Today, a big, bright Avengers movie filled with quips and heroics is lighting up screens all over the country. This week, one of the grimmest runs of Avengers comics comes to a close. Earth's Mightiest Heroes? Not always.
Technically, there was a book called Dark Avengers a few years back. It featured villains posing as heroes. The reason that New Avengers has been even darker than that is because it's had Marvel's smartest heroes slowly becoming villains. And it ended with with one of its greatest villains acting a lot like a hero.
This is essentially a series recap for New Avengers, so major spoilers follow.
Launched by writer Jonathan Hickman in 2013, New Avengers started with the ambitious upscaling of a few familiar premises: a group of heroes bands together to stop cosmic evil from destroying worlds. But these characters formed the newest version of Marvel's Illuminati, a secret collective culled from some of the smartest, most respected and powerful heroes in their reality.
The heroes faced a big challenge.
Earths from alternate realities were crashing into the native Marvel timeline (616). The problem was too big for just one genius to handle.
Right away, the Illuminati had to consider some rather unheroic actions. How far would they go to prevent the premature end of the entirety of existence?
The Black Panther was already allying with Namor, who destroyed much of the Panther's kingdom while imbued with the power of the Phoenix Force. Things were tense.
The threat they faced was destroying entire realities, and they had to consider the notion of doing the same to preserve the existence of their own. An early plan required the re-assembly of the Infinity Gauntlet, which galactic conqueror Thanos one used to try to wipe out reality.
That's right: the heroes were going use a weapon wielded by one of the universe's most sadistic bad guys. And the guy who had to put the Infinity Gauntlet on? Only the most noble dude in Avengers history.
When that didn't work, the Illuminati did something really bad. Using Dr. Strange's magic, they made Captain America forget everything they'd been working on.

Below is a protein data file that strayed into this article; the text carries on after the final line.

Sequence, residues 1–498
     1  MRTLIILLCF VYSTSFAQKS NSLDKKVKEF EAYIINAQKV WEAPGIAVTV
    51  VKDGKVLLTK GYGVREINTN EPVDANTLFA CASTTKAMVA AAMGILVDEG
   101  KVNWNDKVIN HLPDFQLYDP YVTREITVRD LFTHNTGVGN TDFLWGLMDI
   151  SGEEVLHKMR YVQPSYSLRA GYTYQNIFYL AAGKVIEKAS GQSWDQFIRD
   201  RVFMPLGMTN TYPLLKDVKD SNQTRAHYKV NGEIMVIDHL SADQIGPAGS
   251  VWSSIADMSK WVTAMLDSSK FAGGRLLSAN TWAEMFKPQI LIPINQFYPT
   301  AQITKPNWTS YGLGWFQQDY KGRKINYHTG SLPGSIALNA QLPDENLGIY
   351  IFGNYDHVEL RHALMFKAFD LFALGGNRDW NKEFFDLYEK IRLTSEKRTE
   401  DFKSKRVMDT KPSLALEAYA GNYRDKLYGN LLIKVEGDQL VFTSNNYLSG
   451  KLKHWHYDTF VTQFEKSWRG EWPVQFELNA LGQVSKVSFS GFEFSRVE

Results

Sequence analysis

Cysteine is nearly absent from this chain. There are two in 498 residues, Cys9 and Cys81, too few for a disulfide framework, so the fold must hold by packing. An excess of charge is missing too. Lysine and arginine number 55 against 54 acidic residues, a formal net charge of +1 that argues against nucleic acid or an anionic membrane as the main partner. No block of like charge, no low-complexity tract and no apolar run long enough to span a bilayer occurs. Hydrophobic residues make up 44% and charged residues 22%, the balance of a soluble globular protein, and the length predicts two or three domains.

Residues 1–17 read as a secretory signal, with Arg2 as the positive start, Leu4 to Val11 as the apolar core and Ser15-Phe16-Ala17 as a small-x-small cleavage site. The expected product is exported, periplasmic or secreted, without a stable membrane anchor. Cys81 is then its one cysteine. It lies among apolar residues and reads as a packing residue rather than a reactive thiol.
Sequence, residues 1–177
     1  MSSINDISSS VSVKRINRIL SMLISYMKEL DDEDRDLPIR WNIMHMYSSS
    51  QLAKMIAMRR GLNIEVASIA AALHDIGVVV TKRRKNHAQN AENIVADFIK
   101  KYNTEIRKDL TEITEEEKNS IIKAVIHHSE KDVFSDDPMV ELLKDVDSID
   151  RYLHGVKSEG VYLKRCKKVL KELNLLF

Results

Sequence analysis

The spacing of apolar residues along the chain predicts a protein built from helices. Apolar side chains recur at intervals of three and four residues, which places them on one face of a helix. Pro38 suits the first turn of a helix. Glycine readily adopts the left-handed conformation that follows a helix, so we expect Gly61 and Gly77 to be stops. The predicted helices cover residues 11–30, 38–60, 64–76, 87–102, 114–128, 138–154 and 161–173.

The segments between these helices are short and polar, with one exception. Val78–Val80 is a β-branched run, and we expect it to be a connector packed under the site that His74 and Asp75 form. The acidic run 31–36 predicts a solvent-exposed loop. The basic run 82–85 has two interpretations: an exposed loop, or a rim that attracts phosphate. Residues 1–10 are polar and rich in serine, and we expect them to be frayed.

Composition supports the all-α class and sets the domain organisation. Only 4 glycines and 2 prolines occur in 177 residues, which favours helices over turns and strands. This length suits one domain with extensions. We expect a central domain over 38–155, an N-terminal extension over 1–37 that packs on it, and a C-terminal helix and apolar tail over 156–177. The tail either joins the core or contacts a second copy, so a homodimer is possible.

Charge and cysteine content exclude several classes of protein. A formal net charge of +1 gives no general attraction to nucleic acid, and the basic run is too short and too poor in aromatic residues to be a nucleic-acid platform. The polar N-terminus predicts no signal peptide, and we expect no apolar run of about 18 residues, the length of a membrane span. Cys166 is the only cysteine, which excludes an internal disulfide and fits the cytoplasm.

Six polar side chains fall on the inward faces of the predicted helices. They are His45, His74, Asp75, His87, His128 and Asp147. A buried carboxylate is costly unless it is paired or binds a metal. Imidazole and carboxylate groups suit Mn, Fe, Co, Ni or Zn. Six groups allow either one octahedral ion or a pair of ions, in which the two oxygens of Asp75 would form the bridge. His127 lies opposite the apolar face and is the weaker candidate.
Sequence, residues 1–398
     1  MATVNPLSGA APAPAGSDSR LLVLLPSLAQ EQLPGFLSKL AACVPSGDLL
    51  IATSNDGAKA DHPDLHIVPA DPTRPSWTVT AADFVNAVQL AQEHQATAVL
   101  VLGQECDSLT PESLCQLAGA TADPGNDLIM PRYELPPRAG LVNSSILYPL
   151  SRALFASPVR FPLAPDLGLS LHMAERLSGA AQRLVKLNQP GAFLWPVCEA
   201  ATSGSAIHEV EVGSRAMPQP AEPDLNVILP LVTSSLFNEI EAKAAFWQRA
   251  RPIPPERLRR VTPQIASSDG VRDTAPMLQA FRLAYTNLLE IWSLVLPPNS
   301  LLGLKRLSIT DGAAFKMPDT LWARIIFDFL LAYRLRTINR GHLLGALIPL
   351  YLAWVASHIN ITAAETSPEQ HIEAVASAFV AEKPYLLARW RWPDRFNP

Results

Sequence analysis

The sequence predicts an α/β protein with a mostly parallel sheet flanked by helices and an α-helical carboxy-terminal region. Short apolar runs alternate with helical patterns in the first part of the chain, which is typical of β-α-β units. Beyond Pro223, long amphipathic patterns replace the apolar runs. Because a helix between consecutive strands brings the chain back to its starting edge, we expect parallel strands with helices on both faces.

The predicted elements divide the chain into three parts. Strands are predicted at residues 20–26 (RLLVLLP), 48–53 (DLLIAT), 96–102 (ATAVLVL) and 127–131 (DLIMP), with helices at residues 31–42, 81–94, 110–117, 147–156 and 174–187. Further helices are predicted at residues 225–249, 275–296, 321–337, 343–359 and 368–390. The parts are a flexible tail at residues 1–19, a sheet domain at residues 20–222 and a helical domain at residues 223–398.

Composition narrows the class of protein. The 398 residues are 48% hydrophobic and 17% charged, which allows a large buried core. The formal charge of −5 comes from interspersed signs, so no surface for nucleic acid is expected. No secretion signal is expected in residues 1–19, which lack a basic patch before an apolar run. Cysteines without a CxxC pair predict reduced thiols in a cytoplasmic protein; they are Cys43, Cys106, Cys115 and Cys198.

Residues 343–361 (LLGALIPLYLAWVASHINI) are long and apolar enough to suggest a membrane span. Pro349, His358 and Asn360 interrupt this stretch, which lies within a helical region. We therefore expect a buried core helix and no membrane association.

They continued to hold a fugitive from a dead reality in a secret prison. OK, she's evil but such an act is still out of character for these heroes.
As things went on, the Illuminati continued to slide down a slippery slope. They let a Galactus destroy another dimension's Earth to buy their native one more time. They lied to each other and their families, betrayed promises and launched secret attacks on each other's kingdoms.
Dr. Strange in particular went to some dark places.
Oh, that whole incident with Captain America didn't go according to plan.
Time kept winding down on the clock. Spying on other realities for information, the Illuminati watched as The Great Society -- Hickman's alt-Earth riff on DC Comics' Justice League -- reckoned with the same threat in far nobler fashion...
then they debated them...
and beat them...
and killed their planet.
That's just the first half of the run.
New Avengers co-existed with the mainline Avengers book -- also written by Hickman -- and was a darker twin to that series' more optimistic altruism. The two runs eventually intertwined very tightly during the Time Runs Out storyline, with a militarised Avengers/SHIELD hybrid run by Captain America hunting down the Illuminati to make them pay for their accumulating transgressions. This week sees the final issues for both titles -- Avengers #44 and New Avengers #33 -- with incredibly grim denouements for each.
It is the finale of perhaps the bleakest era in Avengers history. The good guys don't win. Worse yet, there was never any chance of winning.
Hickman's tenure has pretty much been a total subversion of conventional superhero tropes. The smartest, strongest most socially elevated members of Earth's superhero population were not the best of humanity.
And Doctor Doom, the Fantastic Four arch-villain who tried for years to conquer the world? He's the one who arguably came closest to saving the multiverse.
Granted, the actual cosmology governing the plot logic of Hickman's collective Avengers oeuvre is damn confusing. Trying to actually have things make chronological sense is daunting. But, that doesn't matter, really. The most radical thing about New Avengers is that all of those terrible personal sacrifices have been for nothing. The heroes don't win the day. In a way, this subversion is also the apotheosis of the Marvel Superhero Concept: this is the world we live in and these heroes are just like you and me. In New Avengers, Mr. Fantastic, the Black Panther and Iron Man and the rest aren't better than the average civilian. They stand in for the worst foibles of the human psyche.
Marvel is about to usher in big changes. Starting next week, their huge Secret Wars crossover, written by Hickman and presumably continuing this saga, will lay the groundwork for a Marvel Universe that will look a lot different than it did before. After what Hickman's done with the publisher's marquee superteam, the Marvel Universe will have to feel different too. (And the previews we've seen for the next comic-book incarnations of Avengers teams certainly presage a shift in approach.) This weekend, millions of people are going to thrill to a version of the Avengers that comes together as a team. The excellent New Avengers comic shows that the super-group can also be just as compelling when the weight of multiple worlds has them falling apart.